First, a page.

North Dakota officials to review hemp house sustainability in Downtown Fargo
FARGO, N.D. (KVRR) — An experiment near downtown Fargo centers around two homes sitting next to each other.
The purpose of these homes is for research material. One of them is made out of hemp. The other is made out of conventional wood frames covered by that classic white house wrap material.
Many across the Red River Valley wonder how could a hemp house hold up through the brutal North Dakota winters? The President of Grassroots Development says there are hemp houses under similar climates in Manitoba, Canada and in Europe.
While any moisture, especially snow, is not ideal for the hemp material, he’s confident the home can hold up through a few snowstorms due to its exterior layer.
“I think you’re gonna see a strong performance because it has that type of envelope and it slows down the temperature changes. You’re going to have less energy requirements, the only question is, ‘how much? What’s that variance?’, I think it’s gonna perform well but we will have to get the data to prove that for our climate and area,” President of Grassroots Development Justin Berg said.
The “hurd,” which Berg says looks like a chicken salad, is the inner woody part of the hemp plant sealed with plaster and within it a mix of lime and water.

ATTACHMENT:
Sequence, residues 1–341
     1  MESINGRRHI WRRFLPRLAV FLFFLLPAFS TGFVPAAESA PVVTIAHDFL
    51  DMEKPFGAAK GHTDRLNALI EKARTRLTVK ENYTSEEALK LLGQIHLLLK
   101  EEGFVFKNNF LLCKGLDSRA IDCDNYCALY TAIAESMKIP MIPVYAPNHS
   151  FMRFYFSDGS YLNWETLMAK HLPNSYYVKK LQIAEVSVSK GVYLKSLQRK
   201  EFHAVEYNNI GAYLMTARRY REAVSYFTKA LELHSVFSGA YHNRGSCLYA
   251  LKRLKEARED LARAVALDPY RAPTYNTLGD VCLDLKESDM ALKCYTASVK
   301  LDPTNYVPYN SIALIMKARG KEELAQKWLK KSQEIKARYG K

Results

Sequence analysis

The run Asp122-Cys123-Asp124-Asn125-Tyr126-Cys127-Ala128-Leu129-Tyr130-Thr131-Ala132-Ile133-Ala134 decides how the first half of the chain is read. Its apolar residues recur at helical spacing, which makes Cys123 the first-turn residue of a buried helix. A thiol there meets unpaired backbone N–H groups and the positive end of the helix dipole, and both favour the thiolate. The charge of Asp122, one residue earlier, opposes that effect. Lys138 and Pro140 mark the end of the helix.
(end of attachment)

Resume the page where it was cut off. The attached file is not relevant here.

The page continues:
Inside the home are sensors inside the walls which monitor air quality, moisture levels and how much energy is being used.
“We need to prove out to the quote officials and the parties involved that there isn’t going to be any moisture issues with this structure. If we’re gonna put something out there, you’re gonna have somebody living in it that it’s going to be safe and be a benefit,” Berg said.
Berg adds hemp’s potential is a gamechanger for local economies to sustain their production. Not to mention, after making their outline of the hemp house, creating the hurd and building the layers only took four days.
“That’s the beauty of the fiber setup. you’re gonna be within 100 miles of where things are growing, likely to sustain. So, it has it built into its nature because it’s not gonna work on the economics to have one large manufacturing facility. You’re going to need things to develop regionally and support that regional economy. That’s the only way to make it work. To me, that’s a beautiful thing in this day of everything becoming one converged entity,” Berg said.
Berg says he’s already heard from the general public and tribes across the state about its resources and when it could be up for sale.